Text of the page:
Should our professional bodies protect physicians’ interests to the extent that the first amendment right is curtailed? As I recall, several years ago, a member of one of our professional bodies was dragged through coals and sanctioned, all for being an expert witness whose opinion went against another member sued for malpractice. The defendant complained to the professional body, which came to the view that the expert witness should have stated what the professional body deemed standard of care and not, what the expert witness’s belief of it was. It smacked of a union punishing someone for ratting, rather than the undertaking of an elevated organization of healers, scholars, and independent thinkers.
Or, maybe the castigation was for speaking up against a proud male neurosurgeon when she was a female? No matter that she was well-known, well-published, an expert, and a leader in her field. During voting on the motion, I hoped that better sense would prevail. For matters such as a training program letting loose upon the world a psychopath and murderer despite red flags, a professional organization doled platitudes about accepting trainees with good character. No sign of holding the trainers (also members of the professional body) to account for an egregious lapse of duty and judgment or avoiding the inconvenience associated with doing the right thing. The same body is helpless in preventing someone from falsely claiming themselves a neurosurgeon.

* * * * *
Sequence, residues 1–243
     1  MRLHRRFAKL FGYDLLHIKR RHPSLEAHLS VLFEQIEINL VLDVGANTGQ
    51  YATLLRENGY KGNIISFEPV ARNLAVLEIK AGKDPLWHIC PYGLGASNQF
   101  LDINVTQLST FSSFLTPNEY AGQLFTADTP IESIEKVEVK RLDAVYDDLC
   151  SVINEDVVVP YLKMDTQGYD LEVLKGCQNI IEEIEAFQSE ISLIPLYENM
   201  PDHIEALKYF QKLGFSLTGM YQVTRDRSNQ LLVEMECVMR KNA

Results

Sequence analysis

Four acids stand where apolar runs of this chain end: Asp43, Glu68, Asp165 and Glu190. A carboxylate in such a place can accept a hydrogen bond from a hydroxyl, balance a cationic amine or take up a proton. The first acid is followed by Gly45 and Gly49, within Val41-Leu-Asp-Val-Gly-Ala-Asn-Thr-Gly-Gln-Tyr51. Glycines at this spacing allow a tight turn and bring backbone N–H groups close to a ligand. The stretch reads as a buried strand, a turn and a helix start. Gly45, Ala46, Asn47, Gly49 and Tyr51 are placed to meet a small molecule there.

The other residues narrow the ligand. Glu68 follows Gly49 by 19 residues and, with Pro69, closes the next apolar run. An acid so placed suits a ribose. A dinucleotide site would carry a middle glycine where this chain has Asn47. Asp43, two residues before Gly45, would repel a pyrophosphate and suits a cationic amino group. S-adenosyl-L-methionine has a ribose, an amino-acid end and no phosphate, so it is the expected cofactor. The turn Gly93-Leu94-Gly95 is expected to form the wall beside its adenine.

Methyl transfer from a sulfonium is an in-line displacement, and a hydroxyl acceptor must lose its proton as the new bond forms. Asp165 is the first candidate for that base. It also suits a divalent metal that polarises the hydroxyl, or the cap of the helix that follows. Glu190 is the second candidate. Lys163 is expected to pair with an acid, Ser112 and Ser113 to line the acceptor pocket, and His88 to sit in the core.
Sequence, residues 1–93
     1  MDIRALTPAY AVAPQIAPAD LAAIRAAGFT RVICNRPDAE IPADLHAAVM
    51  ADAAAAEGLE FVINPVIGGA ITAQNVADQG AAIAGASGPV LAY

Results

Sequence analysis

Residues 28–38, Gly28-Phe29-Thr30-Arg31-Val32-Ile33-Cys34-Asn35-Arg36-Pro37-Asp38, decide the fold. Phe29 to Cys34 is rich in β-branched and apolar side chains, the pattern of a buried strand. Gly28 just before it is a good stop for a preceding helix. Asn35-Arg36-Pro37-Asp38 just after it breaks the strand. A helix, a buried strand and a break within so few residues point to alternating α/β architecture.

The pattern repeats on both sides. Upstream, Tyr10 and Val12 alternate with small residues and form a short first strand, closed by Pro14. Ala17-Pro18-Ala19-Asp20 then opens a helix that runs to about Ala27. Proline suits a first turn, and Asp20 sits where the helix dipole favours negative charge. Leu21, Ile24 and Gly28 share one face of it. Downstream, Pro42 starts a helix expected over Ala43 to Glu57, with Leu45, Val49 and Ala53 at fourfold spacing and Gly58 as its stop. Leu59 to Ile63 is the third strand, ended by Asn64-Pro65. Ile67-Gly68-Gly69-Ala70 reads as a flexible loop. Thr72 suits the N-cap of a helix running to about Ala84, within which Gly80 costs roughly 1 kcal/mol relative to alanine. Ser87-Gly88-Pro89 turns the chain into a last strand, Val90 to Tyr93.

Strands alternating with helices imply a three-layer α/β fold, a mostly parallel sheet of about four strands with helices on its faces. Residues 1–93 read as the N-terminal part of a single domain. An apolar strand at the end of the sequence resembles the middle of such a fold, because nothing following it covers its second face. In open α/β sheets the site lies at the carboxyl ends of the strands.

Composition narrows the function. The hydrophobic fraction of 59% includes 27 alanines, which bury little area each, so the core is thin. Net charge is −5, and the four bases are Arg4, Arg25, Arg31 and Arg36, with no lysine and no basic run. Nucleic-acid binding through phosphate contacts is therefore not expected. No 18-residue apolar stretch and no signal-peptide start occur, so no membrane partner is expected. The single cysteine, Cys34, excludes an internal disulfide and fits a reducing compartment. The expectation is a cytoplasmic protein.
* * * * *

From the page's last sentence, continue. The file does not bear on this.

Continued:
Physicians have the right to flourish and deserve to be well compensated for what they do. It is possible without harming our patients. We can use our finite resources and time to do so ethically. Or, one may choose to go down the rabbit hole. Ultimately, our choices define us. Accountability does come calling sooner or later. Usually, reputations are not made or tarnished by a single act; rather, they are the summation of behavior or actions of an individual or institution.
It goes without saying that malpractice cannot be wiped away completely. However, it must not be allowed to be widespread and rampant, because we cannot be bothered to check it at all. A saying goes, when you see a wrong, stop it forcefully. If that is not possible, speak up against it. If that is not possible, think it wrong. The last being the weakest form of conviction. Curbing malpractice does not mean holding the sword of Damocles over the head of every physician who provided sound treatment but had an inadvertent complication. We know the difference between malpractice and complications. The majority in our field are upstanding and good. Let not the minority define us. Having put our own house in order, we can then set forth to slay those other dragons that dare tarnish our noble profession. We are the difference, and it is not all that hard.
Shah-Naz H. Khan is a neurosurgeon.